In cinema, as elsewhere, there can be too much of a good thing. Quick: Do you remember the film several years back that starred Judi Dench, Penélope Cruz, Daniel Day-Lewis, Marion Cotillard, and Nicole Kidman, among others? If you recall that it was Nine, the director Rob Marshall’s musical follow-up to his Academy Award–winning Chicago, well good on you. I can scarcely summon any memory of the film myself.
The director Kenneth Branagh’s remake of Murder on the Orient Express labors under the same delusion that cinematic quality is arithmetical: Dench and Cruz are both here again, as are Branagh himself, Michelle Pfeiffer, Johnny Depp, Daisy Ridley, Josh Gad, Derek Jacobi, and God knows how many others who are currently skipping my mind. If movies truly were math, this would be a masterpiece.
But they aren’t, and it’s not. Branagh’s retelling of the classic Agatha Christie tale is visually sumptuous yet otherwise inert, a series of what are essentially cameos by performers far too gifted to waste their time like this. There should be a law against casting Judi Dench in a film and then giving her virtually nothing to do.
The plot is familiar, even to those who have neither read the novel nor seen Sidney Lumet’s famous 1974 adaptation starring Albert Finney: The year is 1935, and 13 apparent strangers are sharing a carriage on a train from Istanbul to Calais. One of them is murdered in his cabin with a dozen stab wounds, and the rest are trapped on the train by a snowdrift that has blocked the tracks. Who among them is the killer? Fortunately, among them is also Hercule Poirot (Branagh), and he will solve the mystery because that is what he does.
The movie opens with an introductory scene in which Poirot is called upon to solve a mystery involving a priest, a rabbi, an imam—yes, the requisite “walk into a bar” joke is made—and the theft of a sacred relic. In the process, we are introduced to the idea of Hercule Poirot, inveterate perfectionist: He carefully measures his two boiled eggs to ensure they are the same size; having stepped in a dung patty with one foot, he carefully places the other foot in it as well to preserve “balance” (in the philosophical rather than ambulatory sense). Asked how it is he is able to deduce even the most hidden truths, he replies, “I can only see the world as it should be. And when it is not, imperfection stands out like the nose on a face.”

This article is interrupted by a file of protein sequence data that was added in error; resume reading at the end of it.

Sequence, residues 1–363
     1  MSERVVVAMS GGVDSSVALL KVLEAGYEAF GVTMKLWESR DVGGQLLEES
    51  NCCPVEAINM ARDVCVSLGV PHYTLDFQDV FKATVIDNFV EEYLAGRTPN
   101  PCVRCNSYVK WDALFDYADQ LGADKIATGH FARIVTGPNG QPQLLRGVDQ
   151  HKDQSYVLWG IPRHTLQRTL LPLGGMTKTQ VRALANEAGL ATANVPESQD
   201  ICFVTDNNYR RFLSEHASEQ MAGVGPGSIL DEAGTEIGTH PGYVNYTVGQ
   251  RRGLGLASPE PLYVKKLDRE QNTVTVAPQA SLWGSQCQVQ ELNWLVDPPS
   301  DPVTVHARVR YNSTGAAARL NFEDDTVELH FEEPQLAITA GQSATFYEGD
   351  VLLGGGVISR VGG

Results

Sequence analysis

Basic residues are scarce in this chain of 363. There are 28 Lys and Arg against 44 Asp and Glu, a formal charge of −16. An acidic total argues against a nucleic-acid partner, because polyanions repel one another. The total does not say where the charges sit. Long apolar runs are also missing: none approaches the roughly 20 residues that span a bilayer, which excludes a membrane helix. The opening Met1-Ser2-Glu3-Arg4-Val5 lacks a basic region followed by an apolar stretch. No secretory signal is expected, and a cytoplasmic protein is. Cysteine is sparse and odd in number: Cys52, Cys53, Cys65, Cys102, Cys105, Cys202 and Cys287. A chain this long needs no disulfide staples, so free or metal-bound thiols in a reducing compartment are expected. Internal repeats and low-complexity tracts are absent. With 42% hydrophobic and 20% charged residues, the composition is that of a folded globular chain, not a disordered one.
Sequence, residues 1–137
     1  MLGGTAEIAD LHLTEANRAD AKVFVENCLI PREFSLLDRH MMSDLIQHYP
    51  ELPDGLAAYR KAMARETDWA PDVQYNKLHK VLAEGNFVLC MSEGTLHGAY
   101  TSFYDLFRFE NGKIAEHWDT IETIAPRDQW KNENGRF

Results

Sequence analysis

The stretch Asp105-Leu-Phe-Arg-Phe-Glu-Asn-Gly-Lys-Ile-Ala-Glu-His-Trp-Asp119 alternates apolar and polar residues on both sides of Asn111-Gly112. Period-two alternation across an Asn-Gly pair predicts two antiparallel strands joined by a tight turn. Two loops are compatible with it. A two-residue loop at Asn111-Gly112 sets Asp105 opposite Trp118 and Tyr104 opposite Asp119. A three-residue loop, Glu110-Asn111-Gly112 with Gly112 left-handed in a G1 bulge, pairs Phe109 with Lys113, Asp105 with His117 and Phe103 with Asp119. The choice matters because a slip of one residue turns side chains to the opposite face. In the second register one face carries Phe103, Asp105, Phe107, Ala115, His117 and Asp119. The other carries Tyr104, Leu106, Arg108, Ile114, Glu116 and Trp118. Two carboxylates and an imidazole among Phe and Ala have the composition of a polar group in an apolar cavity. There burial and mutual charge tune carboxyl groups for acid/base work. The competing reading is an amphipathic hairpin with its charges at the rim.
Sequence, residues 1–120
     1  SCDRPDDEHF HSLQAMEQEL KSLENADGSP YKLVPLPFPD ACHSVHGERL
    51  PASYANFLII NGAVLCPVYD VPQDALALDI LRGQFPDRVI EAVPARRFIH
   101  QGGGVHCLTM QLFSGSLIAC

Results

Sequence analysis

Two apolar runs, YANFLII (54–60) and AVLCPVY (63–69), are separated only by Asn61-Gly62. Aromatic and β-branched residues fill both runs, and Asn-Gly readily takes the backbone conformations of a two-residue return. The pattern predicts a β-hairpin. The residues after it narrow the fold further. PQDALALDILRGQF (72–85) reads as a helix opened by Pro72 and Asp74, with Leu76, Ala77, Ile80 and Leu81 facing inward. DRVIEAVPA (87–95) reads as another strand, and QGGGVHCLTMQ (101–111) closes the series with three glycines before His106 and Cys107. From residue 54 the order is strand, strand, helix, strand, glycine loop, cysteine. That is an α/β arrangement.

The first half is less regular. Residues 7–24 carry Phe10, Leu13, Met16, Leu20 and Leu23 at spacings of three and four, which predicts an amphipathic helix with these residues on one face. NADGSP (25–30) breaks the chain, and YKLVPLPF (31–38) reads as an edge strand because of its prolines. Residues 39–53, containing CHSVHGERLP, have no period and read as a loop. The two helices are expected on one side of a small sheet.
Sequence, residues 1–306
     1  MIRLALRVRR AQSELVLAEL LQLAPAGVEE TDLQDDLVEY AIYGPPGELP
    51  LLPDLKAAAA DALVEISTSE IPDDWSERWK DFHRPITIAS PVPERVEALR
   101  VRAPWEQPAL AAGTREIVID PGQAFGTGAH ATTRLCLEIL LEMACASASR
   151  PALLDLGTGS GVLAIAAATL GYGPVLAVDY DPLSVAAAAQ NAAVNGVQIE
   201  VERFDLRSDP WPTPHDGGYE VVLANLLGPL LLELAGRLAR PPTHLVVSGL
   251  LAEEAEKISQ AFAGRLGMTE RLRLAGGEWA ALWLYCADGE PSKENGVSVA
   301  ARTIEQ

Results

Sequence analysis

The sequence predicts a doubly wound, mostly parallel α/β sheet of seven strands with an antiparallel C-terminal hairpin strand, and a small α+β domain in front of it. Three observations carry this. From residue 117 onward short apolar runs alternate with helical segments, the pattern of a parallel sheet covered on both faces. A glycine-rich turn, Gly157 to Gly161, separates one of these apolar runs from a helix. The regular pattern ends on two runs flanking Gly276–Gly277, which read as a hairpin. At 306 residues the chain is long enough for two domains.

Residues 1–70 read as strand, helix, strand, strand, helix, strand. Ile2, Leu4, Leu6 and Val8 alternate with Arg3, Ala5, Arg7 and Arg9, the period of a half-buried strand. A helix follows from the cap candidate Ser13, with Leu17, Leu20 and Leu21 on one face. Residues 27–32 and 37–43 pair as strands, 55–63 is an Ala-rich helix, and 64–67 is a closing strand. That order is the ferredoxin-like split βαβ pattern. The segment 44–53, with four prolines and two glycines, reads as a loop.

The film is a reasonably faithful adaptation of the novel, and some of its variations are improvements. Two characters—a doctor and a soldier—are usefully melded into one, and a secondary stabbing is introduced to good effect. Other alterations, alas, seem more like concessions to the temper of the times: a chase through the trestles of an alpine bridge; a fight and gunshot wound; a pointless backstory about Poirot’s lost love; and an extended bout of moral handwringing once the mystery has been solved.
But the most dispiriting way in which the film diverges from its source material is in the person of Poirot himself. Christie’s Poirot was a somewhat comical figure, a short man (five-foot-four, to be precise) with a head “exactly the shape of an egg,” and a meticulously waxed mustache that curved up into two points. Branagh’s Poirot keeps the mustache—indeed, pushes it beyond absurdity, now curling up into six points—but otherwise he looks pretty much like movie-star Kenneth Branagh. He’s adopted the habit, a la Sherlock Holmes, of wowing strangers by intuiting their origins and professions on the basis of minute physical details. And, also like Holmes, he’s become adept at physical combat.
This flatly heroic portrayal of Christie’s odd little Belgian detective might be less annoying if it didn’t smack of directorial vanity on Branagh’s part. So, too, might the fact that Branagh accords himself more screen time than all his illustrious costars combined. (This latter defect would arguably be hard to avoid: Finney, too, dominated the all-star cast of the 1974 version, even if Ingrid Bergman walked away with a thoroughly unearned Oscar for supporting actress.) Is this unfair to Branagh? Perhaps. But it is the tightrope to be walked in self-directed star turns in movies that aim to be blockbusters.
Murder on the Orient Express is not a bad movie per se, merely one that feels self-indulgent and thoroughly unnecessary. Or perhaps it’s just me: I can only see the movie as it should have been. And when it’s not, its imperfections stick out like the nose above a six-point mustache.
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